The Railway at Juniper Green
by Douglas Buchanan

The Edinburgh to Balerno train as it passed Inglis Mill in the 1940s

The railway serving Juniper Green was a loop made off the Caledonian Railway line that ran from Edinburgh Caledonian Station to Carstairs where it linked with the Glasgow to Carlisle line. The main line had stations at Kingsknowe, Wester Hailes, Curriehill and Ravelrig, while the Balerno Loop, as it was called, had stations at Hailes Platform, Colinton, Juniper Green, Currie and Balerno before joining the main line again at Ravelrig. The purpose of the Loop was to serve the Mills that were located beside the Water of Leith and it was on Saturday, 1st August 1874, that the Balerno branch railway was eventually opened to all traffic. Almost 10 years had passed since the Caledonian Railway Company or 'Caley' had first discussed the application from the local mill owners and landowners for help with their plans for a railway line. It had cost in the region of £134,000 (at least 50% over budget), and over these ten years created many disputes, complaints and objections. Where have we heard it all before!? The trains ran alongside the Water of Leith for 65 years, the line finally being closed to passengers on Saturday, 30th October 1943. Goods trains continued to run until the line was officially closed, aided by the closure of the Kinleith Mill in 1966, to all traffic on 4th December 1967.

The railway was instrumental in the creation of house building from Colinton to Balerno as it was possible to travel easily into town by train. Indeed, Juniper Green expanded very rapidly in the late 19th Century, due in large part to the railway. The population of Juniper Green increased from 700 in 1874 to 1,600 in 1901. The railway line was also used by golfers who wished to play at Baberton Golf Club, which opened in 1893 and at Torphin Golf Club which opened in April 1903. In those days the clubhouse was situated further west than at present and almost directly above the railway station. In the early days, there were eight trains per day and first class return to Edinburgh cost 1s.5d. (7p). In 1883 the number of passengers that travelled from Juniper Green station was 38,280, bringing in revenue of £872. To that should be added a further £1,285 for goods receipts. The Juniper Green traffic accounted for about 37% of passenger use.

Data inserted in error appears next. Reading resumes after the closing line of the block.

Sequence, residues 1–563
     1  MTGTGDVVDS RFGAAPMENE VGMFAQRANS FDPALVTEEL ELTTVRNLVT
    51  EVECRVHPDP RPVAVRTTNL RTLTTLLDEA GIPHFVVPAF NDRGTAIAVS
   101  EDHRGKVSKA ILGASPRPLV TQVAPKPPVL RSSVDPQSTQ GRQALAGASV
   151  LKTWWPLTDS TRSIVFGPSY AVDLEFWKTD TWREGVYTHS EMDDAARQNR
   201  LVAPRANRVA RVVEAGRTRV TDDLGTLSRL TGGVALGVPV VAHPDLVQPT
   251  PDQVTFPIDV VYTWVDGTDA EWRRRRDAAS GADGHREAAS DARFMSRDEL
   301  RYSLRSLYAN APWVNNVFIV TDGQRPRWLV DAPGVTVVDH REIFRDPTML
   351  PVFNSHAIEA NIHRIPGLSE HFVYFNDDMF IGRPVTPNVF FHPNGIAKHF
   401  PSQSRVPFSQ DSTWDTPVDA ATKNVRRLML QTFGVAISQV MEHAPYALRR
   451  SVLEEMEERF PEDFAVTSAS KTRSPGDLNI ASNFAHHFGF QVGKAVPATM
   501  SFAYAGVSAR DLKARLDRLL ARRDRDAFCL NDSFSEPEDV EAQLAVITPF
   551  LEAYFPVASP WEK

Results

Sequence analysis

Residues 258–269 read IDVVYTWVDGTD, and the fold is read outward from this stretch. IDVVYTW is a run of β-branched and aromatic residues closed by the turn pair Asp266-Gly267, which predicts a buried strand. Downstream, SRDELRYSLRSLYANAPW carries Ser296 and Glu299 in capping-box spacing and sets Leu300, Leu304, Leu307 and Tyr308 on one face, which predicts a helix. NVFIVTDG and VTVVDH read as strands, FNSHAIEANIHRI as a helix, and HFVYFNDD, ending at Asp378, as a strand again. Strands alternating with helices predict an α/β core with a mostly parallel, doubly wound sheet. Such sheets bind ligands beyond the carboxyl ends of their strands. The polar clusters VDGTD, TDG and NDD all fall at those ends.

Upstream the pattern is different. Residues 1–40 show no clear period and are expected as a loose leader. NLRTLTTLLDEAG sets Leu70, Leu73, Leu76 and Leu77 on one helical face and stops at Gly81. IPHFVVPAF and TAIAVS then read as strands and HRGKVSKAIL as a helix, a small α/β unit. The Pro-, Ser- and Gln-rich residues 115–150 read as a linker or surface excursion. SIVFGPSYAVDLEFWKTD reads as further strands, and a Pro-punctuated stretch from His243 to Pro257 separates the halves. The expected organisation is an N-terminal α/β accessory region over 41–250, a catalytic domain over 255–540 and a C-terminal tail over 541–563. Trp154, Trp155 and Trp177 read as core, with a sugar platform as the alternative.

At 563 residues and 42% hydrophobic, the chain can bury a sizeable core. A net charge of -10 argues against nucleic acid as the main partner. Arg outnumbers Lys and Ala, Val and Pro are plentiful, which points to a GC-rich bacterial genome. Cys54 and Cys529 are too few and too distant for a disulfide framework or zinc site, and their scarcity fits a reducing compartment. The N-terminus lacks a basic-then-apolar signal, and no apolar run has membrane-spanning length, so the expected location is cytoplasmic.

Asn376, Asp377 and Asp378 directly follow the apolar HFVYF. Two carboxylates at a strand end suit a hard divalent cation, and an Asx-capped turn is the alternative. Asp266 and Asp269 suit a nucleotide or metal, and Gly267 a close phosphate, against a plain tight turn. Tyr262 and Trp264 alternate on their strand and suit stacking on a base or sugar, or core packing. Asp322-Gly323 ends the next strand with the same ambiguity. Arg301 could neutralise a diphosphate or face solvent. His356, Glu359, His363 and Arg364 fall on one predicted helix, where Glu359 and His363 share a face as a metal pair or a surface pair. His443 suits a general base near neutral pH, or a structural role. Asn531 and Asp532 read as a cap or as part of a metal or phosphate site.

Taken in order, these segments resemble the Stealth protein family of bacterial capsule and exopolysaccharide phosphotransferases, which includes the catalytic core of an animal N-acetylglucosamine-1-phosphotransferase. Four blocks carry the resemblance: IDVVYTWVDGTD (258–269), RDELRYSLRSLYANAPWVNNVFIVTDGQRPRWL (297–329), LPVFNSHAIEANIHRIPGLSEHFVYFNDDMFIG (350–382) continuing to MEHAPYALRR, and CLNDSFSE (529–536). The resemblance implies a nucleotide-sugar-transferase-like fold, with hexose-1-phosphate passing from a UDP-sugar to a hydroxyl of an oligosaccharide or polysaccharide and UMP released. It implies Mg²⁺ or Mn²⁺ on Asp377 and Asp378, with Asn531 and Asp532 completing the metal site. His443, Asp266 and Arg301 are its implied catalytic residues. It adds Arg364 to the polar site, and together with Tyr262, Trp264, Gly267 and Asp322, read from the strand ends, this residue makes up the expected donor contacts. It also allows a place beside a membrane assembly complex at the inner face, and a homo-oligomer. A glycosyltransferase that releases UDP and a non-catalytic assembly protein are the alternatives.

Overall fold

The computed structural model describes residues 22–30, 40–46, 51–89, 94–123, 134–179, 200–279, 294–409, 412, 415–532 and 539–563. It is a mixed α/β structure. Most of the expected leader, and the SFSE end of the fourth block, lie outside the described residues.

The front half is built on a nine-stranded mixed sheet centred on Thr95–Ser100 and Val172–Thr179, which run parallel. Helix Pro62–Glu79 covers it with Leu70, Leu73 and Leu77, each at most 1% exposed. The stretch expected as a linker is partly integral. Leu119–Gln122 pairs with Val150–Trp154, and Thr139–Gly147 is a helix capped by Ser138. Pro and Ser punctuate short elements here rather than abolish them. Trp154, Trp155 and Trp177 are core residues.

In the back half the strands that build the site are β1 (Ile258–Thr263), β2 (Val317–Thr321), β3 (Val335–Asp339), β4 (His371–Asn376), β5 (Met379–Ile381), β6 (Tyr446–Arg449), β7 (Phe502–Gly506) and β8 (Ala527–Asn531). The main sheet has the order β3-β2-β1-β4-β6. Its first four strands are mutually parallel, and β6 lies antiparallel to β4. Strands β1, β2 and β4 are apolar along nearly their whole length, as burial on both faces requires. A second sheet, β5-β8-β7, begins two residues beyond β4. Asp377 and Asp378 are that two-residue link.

A steep and winding station brae led up from Juniper Green Station to the village main street. The station master's house, formerly the north lodge of Woodhall Estate, was at the top. The station had a single platform on the north side of the line. It had a goods yard that was accessed from the east end of the station and was located to the north of the line. At the east end of the station there was once a signalbox on the north side of the line. In 1901, Juniper Green station was equipped, at a cost of £300, with tablet instruments that were installed in the station booking office. These instruments worked the signal and points, allowing branch passenger trains to pass a goods train which was diverted to stand at the station sidings. At the same time, the station signal box, a little to the east of the station, was closed. This system operated until 20th March 1939.

By 1914, the traffic on the Balerno branch had developed to the extent that there were three engines regularly working the passenger services. Trains usually comprised eight carriages; four third class, two brake thirds and two first class. Each of the three sets was increased to thirteen carriages on Saturdays. However, after the war, price inflation led to operational problems, and although the Government paid out compensation, the Caley was in trouble. Indeed, landslips at the Colinton tunnel also caused operational difficulties and, added to that, in 1920, buses had reached Juniper Green. On 1st July 1923, the LMS took over the Caley network. Unfortunately, the General Strike of 1926 was to cause more problems as coal shortages affected the railways more than road transport. The number of trains running on a daily basis fell from 20 to 13 by 1939 and the war had other effects, such as black outs and coal shortages. In 1943, the LMS decided that, in consequence of adequate bus transport, the passenger service would cease.

In 1956, a new siding was provided for the benefit of Woodhall paper mill at Juniper Green station, followed by its enlargement of the mill by its new owners, Inveresk Paper Company. However, in 1958, reports provided by British Railways management, recommended that Juniper Green station should be closed as revenue was in the region of £1,750 per annum and it was not cost effective. By that time there was only one goods train running on the line per day.